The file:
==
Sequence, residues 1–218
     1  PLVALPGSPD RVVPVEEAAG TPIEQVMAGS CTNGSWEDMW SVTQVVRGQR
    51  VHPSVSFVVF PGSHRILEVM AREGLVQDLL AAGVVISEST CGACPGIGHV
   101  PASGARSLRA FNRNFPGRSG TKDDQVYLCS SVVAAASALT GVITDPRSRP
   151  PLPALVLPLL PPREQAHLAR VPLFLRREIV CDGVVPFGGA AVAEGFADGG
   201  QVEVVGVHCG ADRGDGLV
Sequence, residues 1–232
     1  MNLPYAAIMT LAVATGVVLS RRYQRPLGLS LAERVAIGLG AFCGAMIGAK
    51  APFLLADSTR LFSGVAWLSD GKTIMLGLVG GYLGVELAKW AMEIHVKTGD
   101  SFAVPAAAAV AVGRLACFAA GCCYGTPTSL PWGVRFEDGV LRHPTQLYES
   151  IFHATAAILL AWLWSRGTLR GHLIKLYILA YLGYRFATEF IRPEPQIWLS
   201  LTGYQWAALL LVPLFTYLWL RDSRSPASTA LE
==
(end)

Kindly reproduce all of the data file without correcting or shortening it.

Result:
Sequence, residues 1–218
     1  PLVALPGSPD RVVPVEEAAG TPIEQVMAGS CTNGSWEDMW SVTQVVRGQR
    51  VHPSVSFVVF PGSHRILEVM AREGLVQDLL AAGVVISEST CGACPGIGHV
   101  PASGARSLRA FNRNFPGRSG TKDDQVYLCS SVVAAASALT GVITDPRSRP
   151  PLPALVLPLL PPREQAHLAR VPLFLRREIV CDGVVPFGGA AVAEGFADGG
   201  QVEVVGVHCG ADRGDGLV
Sequence, residues 1–232
     1  MNLPYAAIMT LAVATGVVLS RRYQRPLGLS LAERVAIGLG AFCGAMIGAK
    51  APFLLADSTR LFSGVAWLSD GKTIMLGLVG GYLGVELAKW AMEIHVKTGD
   101  SFAVPAAAAV AVGRLACFAA GCCYGTPTSL PWGVRFEDGV LRHPTQLYES
   151  IFHATAAILL AWLWSRGTLR GHLIKLYILA YLGYRFATEF IRPEPQIWLS
   201  LTGYQWAALL LVPLFTYLWL RDSRSPASTA LE